Principles of Food Science demonstrates how the laws of science are at work in producing, processing, preparing, preserving, and metabolizing food. Students learn how cooking, health, and storage tips connect science basics to daily food encounters. The text covers the basic laws of chemistry, microbiology, and physics as they are applied to food components and complex food systems. Students learn scientific facts and principles that can be applied to a future food science career and as to more-creative, nutritious home cooking. The requirements and opportunities for obtaining a food science career are explored as well as the impact of this career path on local, national, and global economies.
Numerous lab experiments help students apply basic math and technical writing skills to real-world food problems.
The value of different types of evaluations—scientific vs. sensory—are examined, with applications to school lab experiments and commercial food product development.
Lessons emphasize the importance of lab safety, teamwork, attention to detail, and high ethical standards.
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Table of Contents
Unit 1: The Science of Food
1. Food Science: An Old but New Subject 2. Scientific Evaluation: Being Objective 3. Sensory Evaluation: The Human Factor
Unit 2: Basic Chemistry
4. Basic Food Chemistry: The Nature of Matter 5. Energy: Matter in Motion 6. Ions: Charged Particles in Solution 7. Water: The Universal Solvent
Unit 3: Organic Chemistry: The Macronutrients
8. Sugar: The Simplest of Carbohydrates 9. The Complex Carbohydrates: Starches, Cellulose, Gums, and Pectins 10. Lipids: Natures Flavor Enhancers 11. Proteins: Amino Acids and Peptides 12. Enzymes: The Protein Catalyst
Unit 4: Food Chemistry: The Microcomponents
13. The Micronutrients: Vitamins and Minerals 14. Phytochemicals: The Other Food Components 15. Food Analogs: Substitute Ingredients 16. Additives: Producing Desired Characteristics in Foods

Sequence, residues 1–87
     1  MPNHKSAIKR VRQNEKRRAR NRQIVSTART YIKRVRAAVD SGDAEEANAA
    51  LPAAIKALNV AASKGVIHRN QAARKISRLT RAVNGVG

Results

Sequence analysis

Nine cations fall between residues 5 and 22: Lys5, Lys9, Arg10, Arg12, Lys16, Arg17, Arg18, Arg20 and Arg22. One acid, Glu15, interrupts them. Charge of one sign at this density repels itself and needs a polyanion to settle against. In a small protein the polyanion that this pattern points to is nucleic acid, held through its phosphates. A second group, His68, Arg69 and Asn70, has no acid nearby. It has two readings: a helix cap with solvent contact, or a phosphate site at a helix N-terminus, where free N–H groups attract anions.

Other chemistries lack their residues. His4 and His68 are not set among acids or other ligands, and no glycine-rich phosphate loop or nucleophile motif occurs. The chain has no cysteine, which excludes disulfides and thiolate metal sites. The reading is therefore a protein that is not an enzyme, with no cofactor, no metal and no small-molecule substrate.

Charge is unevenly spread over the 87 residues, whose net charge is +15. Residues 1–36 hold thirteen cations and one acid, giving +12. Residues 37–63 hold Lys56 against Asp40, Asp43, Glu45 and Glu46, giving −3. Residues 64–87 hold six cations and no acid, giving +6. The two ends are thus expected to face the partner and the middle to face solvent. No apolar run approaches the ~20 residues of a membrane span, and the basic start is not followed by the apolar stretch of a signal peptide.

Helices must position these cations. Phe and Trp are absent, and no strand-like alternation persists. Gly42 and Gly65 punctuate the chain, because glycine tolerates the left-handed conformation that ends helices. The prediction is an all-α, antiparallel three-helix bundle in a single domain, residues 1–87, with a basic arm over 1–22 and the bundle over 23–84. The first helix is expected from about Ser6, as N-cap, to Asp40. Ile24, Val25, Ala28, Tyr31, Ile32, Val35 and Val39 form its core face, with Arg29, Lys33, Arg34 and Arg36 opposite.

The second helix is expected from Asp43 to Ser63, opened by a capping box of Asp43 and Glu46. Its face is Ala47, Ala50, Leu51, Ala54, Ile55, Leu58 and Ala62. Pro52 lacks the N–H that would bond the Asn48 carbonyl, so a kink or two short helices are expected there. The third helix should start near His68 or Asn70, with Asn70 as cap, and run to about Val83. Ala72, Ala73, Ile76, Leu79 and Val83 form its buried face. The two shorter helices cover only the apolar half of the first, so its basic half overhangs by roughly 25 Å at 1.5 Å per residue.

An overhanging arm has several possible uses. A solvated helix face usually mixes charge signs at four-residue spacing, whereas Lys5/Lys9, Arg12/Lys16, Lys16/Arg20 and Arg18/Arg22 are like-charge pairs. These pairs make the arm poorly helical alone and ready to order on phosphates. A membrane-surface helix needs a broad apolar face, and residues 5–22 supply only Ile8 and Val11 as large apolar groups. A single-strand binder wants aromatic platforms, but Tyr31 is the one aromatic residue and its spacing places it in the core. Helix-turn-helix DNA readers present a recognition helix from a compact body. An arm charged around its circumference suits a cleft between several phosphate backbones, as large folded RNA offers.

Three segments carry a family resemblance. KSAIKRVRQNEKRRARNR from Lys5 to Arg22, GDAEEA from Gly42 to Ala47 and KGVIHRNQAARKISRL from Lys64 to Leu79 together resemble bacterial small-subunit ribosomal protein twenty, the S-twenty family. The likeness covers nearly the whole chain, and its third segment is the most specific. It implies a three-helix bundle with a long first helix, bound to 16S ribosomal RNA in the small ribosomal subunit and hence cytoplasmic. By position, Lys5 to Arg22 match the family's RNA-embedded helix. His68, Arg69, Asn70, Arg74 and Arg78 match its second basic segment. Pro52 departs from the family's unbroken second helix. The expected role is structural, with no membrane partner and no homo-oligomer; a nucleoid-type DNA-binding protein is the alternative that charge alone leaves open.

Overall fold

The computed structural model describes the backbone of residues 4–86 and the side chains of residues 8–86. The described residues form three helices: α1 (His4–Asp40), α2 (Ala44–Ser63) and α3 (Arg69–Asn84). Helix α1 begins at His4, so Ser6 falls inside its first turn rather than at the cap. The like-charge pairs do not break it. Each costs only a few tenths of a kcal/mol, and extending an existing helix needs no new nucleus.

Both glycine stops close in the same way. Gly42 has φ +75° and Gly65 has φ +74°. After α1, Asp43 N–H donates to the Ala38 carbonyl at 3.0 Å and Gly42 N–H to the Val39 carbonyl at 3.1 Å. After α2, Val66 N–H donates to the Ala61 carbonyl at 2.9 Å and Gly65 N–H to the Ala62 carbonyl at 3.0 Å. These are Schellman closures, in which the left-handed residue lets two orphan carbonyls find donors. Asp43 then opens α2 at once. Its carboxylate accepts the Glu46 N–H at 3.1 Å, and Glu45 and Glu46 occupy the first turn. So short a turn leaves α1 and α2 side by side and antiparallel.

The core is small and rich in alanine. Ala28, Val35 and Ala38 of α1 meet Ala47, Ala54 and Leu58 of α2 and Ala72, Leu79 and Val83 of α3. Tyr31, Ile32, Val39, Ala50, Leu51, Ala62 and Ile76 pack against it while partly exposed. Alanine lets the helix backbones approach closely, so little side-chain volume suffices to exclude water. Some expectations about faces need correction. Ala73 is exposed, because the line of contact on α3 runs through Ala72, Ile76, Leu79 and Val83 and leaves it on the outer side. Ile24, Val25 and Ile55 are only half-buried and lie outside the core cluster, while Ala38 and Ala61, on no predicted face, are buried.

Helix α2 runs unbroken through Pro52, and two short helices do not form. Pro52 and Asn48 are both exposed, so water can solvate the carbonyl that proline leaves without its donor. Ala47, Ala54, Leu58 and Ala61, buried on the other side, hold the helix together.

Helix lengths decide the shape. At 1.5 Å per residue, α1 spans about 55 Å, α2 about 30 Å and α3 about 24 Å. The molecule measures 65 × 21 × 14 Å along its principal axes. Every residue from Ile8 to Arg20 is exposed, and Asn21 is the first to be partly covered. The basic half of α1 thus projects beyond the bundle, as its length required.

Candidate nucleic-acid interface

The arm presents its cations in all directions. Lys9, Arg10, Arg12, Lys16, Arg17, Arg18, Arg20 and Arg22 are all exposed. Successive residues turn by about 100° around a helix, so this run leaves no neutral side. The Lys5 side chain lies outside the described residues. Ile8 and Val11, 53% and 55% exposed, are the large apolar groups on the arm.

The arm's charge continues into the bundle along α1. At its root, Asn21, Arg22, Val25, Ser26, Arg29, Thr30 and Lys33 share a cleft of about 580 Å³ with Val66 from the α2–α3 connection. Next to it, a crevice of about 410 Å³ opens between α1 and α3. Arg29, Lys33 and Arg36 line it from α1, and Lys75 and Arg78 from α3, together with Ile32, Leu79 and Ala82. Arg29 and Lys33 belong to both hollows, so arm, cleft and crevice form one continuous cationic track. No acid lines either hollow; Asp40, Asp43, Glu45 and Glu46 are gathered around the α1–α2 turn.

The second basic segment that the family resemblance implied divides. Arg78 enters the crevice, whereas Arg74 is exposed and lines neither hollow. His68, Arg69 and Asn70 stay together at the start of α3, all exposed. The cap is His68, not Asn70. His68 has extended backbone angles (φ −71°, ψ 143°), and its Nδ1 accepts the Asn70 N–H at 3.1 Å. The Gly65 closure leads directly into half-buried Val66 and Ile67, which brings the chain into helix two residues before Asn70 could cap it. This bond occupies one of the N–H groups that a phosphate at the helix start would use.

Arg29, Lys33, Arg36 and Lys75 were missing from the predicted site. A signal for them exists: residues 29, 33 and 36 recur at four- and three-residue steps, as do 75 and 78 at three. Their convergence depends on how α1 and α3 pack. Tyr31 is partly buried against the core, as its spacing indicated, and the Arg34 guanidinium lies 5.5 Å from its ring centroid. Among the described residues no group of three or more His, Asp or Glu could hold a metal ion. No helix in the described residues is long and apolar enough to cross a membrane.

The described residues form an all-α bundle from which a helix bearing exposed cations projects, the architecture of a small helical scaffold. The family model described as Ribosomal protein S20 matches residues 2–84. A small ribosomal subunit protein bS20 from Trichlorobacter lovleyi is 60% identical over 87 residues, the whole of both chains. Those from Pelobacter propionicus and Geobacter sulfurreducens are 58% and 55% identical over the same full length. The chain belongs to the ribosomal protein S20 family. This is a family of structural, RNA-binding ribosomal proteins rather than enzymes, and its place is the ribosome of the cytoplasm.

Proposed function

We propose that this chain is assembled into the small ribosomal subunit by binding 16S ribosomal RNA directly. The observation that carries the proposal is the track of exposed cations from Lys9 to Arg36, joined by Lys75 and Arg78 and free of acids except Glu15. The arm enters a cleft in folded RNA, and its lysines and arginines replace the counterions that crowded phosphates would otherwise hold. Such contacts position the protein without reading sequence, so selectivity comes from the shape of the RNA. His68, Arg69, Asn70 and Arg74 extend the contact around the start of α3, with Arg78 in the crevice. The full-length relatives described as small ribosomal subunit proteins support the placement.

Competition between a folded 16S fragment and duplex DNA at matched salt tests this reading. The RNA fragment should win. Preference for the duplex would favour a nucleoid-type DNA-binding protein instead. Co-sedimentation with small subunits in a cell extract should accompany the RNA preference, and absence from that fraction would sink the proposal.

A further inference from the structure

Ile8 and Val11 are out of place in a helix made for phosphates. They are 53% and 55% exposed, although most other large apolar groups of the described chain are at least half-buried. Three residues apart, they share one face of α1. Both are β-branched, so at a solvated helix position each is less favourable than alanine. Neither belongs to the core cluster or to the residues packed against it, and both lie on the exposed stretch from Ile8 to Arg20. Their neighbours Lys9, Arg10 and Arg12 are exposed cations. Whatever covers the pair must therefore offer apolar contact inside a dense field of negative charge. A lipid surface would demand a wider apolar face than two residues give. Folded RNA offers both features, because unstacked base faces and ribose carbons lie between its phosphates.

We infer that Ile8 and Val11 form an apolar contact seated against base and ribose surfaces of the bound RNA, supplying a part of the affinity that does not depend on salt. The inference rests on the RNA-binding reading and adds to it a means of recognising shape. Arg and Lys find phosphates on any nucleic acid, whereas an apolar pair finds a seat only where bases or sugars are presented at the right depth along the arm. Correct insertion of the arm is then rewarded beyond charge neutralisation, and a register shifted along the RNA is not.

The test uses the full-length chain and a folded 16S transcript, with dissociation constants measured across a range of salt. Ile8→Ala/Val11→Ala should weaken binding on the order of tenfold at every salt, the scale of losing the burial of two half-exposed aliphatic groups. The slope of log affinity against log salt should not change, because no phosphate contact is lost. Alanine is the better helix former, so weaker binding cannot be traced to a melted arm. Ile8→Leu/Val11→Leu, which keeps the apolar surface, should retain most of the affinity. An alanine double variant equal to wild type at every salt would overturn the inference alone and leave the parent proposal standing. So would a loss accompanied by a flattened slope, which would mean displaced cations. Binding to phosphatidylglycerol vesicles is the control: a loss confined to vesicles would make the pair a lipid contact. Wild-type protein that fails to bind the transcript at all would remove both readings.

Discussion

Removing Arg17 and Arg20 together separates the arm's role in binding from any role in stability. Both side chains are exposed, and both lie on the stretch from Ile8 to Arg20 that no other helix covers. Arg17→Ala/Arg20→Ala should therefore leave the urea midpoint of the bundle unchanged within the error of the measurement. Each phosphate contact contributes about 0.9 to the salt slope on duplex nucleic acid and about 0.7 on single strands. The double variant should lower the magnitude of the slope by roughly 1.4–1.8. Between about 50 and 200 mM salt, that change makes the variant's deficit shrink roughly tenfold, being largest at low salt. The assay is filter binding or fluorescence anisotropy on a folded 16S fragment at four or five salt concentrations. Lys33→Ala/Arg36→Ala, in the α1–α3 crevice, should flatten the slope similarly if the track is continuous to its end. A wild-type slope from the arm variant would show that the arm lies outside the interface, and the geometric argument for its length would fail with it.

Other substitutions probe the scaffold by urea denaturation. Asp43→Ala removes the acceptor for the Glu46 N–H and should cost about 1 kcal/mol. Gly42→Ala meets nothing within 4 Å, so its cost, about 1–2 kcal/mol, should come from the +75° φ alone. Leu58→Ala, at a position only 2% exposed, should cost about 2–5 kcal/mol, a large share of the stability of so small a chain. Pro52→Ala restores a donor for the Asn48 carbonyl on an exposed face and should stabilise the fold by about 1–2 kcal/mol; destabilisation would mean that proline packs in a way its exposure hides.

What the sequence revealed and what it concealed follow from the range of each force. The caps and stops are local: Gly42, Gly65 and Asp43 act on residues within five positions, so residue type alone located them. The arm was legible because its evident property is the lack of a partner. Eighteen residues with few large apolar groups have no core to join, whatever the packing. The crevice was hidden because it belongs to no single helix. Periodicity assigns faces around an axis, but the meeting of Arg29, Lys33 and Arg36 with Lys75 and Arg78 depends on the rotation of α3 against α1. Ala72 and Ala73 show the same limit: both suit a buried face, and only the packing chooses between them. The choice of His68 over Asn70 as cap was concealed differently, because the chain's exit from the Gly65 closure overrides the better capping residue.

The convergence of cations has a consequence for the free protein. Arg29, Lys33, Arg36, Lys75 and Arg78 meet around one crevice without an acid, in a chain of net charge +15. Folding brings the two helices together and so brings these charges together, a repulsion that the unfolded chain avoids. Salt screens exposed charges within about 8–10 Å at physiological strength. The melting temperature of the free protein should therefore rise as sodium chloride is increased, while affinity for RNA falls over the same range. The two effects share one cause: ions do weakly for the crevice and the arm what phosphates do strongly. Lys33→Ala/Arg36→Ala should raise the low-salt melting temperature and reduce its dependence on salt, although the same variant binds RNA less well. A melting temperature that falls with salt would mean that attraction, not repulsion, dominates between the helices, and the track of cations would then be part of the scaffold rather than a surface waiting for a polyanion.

Unit 5: Food Microbiology: Living Organisms in Food
17. Fermentation: Desirable Effects of Microbes 18. Food Safety: Sources of Contamination
Unit 6: Food Preservation and Packaging
19. Thermal Preservation: Hot and Cold Processing 20. Dehydration and Concentration: Controlling Water Activity 21. Current Trends in Food Preservation: Irradiation, Packaging, and Biotechnology
Unit 7: Working with Complex Food Systems
22. Mixtures: Solutions, Colloidal Dispersions, and Suspensions 23. Separation Techniques: Mechanical and Chemical Methods 24. Research: Developing New Food Products 25. Food Science Related Careers: A World of Opportunities
Special Topics Food Labeling Nutritional Guidelines Digestion and Metabolism Career Success
Janet D. Ward - has 26 years of experience teaching family and consumer sciences. Her interest and expertise in the area of food science lead to her involvement in developing the food science curriculum for the state of North Carolina. She has also written a multimedia and safety supplement to the food science curriculum and conducted a number of workshops on food science instruction. Ward is a member of several honorary societies and professional organizations, including the American Association of Family and Consumer Sciences. She is a Christa McAuliffe Fellow, 2003 AAFCS Top 10 Teacher of the Year, and 2004 Catawba County Teacher of the Year. She has twice been a Carl Perkins grant recipient.
Larry Ward - taught math and science at the secondary level for 10 years. He has 26 years experience teaching physics at the community college level and served as Chairman of the Division of Mathematics, Science, and Computer Science at Catawba Valley Community College. He has published works on technology and physics and served as a member of a computer science curriculum writing team. Larry is a member of the American Association of Physics Teachers.